3. 3.

    Which principles should determine the allocation of climate finance?

Regarding the first issue, the negotiations have focused on collective and individual targets for industrialised countries and the scope of the group of contributing countries. At the Fifteenth Conference of the Parties (COP15), the US$100 billion target was adopted. The G77 + China negotiating group had in the preceding negotiations proposed a target of 1–1.5% of industrialised countries’ gross domestic product (GDP), while several industrialised countries were opposed to any quantified targets at all, although not to providing climate finance (Bailer and Weiler 2015: 54–55). The negotiations have also focused on whether there should be a burden-sharing formula (e.g. based on GDP or emissions) determining individual countries’ contributions and whether emerging economies should contribute in addition to the existing group of industrialised countries. The USA has been particularly opposed to a burden-sharing formula, while developing countries have opposed any measures to expand the group of contributors apart from encouraging—in the words of the Paris Agreement—“other Parties […] to provide or continue to provide such support voluntarily” (UNFCCC 2015: Decision 1/CP.21, Article 9(2)). In order to avoid “watering down” of industrialised countries’ commitments, several developing countries have insisted that there be strict requirements for measurement, reporting and verification of climate finance, that climate finance be “new and additional” to development aid (UNFCCC 1992: Article 4(3); see also special issue Editorial), and that private finance not replace public finance. At the same time, several industrialised countries have argued that such requirements could hinder utilising synergies between climate finance and development aid as well as the leveraging of private finance, both of which can improve the efficiency of climate finance (see Hall; Pauw, this issue).

The second issue concerns whether climate finance should flow through UN funds, MDBs or bilateral channels. Industrialised countries prevail within bilateral and multilateral development institutions compared to the UN climate institutions, in which developing countries exert greater control (Moore 2012: 36–38; Ciplet et al. 2013). The vagueness of the finance commitments in the Copenhagen Accord, Cancún Agreements and Paris Agreement grants industrialised countries significant discretion over these decisions, including how much to allocate to the UNFCCC Green Climate Fund (UNFCCC 2009, 2010, 2015).Footnote 5

The third issue concerns principles for the allocation of climate finance, of which the most pertinent for this paper are efficiency and equity (see e.g. Persson and Remling 2014; Stadelmann et al. 2014). Efficiency refers to the “allocation of public resources such that net social benefits are maximised” (Persson and Remling 2014: 489). Thus, efficient climate finance is spent where it provides the greatest amount of mitigation or adaptationFootnote 6 for a given amount of money, which generally means (at least in the case of mitigation) focusing on emerging economies rather than the least developed countries.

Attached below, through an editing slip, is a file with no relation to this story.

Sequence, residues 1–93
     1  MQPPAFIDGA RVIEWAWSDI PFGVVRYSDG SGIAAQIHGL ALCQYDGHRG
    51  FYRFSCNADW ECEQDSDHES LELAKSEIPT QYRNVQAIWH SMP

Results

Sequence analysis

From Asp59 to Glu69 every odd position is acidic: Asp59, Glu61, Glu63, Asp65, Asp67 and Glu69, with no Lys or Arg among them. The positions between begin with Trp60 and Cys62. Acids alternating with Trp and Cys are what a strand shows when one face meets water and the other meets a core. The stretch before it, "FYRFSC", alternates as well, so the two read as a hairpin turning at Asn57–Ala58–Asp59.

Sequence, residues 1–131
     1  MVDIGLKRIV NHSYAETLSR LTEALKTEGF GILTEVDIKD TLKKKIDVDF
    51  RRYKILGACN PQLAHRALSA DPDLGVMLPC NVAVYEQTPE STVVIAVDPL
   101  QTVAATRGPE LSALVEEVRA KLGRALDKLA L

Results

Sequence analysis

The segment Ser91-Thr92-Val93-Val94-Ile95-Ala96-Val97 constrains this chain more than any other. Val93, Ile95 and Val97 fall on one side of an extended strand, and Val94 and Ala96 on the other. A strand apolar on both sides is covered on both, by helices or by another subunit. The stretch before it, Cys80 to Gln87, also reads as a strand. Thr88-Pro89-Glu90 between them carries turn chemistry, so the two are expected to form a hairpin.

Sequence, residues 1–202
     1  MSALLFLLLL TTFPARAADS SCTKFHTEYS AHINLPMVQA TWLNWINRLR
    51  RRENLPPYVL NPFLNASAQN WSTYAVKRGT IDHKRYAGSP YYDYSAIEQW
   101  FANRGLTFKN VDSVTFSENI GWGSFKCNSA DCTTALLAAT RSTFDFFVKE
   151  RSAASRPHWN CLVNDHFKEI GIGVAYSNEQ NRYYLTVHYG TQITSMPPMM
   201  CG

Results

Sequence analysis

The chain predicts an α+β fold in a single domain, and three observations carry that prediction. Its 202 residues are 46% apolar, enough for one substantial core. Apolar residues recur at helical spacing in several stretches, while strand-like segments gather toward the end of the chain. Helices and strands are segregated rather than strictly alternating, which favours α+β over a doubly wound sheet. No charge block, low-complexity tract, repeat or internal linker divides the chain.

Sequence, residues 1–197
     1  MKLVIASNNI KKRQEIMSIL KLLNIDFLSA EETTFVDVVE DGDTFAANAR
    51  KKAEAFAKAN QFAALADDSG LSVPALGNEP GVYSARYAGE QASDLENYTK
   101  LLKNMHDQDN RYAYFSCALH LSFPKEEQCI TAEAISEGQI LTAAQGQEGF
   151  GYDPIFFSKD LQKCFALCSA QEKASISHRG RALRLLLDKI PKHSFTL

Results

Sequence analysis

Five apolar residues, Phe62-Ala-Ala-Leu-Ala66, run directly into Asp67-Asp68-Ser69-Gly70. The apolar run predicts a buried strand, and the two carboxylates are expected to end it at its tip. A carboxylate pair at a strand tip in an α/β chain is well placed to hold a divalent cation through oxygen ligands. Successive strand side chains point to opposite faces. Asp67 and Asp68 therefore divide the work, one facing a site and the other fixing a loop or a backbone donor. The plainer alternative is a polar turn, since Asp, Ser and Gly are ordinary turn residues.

Equity implies that the burden of mitigating and adapting to climate change should be distributed in a way that is fair, with normative principles such as CBDR and historical responsibility determining what is meant by equitable (Hof et al. 2011; Dellink et al. 2009). CBDR—a principled enshrined in the UNFCCC (1992, Article 3(1))—implies that the industrialised countries shall take on a larger burden than developing countries (see special issue Editorial), and that—according to inter alia developing countries—developing countries are entitled to finance for mitigation and adaptation with few conditions on how funding is used (possibly downplaying efficiency).

3.2 Factors influencing national positions on climate finance

The academic literature on climate finance has mainly focused on issues of generation and allocation (see the contributions to Haites 2014; Michaelowa 2012; Betzold and Weiler, this issue) rather than on UN climate finance negotiations. However, Bailer and Weiler (2015) studied the impact of different factors (vulnerability, power, democracy, fossil fuel sector, domestic environmental standards and membership of environmental organizations) on negotiating positions concerning mitigation finance and emissions reduction targets. On a related note, the literature explaining the provision and allocation of climate finance has studied the impact of factors such as: the environmental orientation of the government or of the public in the donor/provider country (Michaelowa and Michaelowa 2011), level of income, carbon dioxide emissions or quality of government (for all three factors, see Halimanjaya and Papyrakis 2012), and the involvement of different government ministries or agencies (Pickering et al. 2015).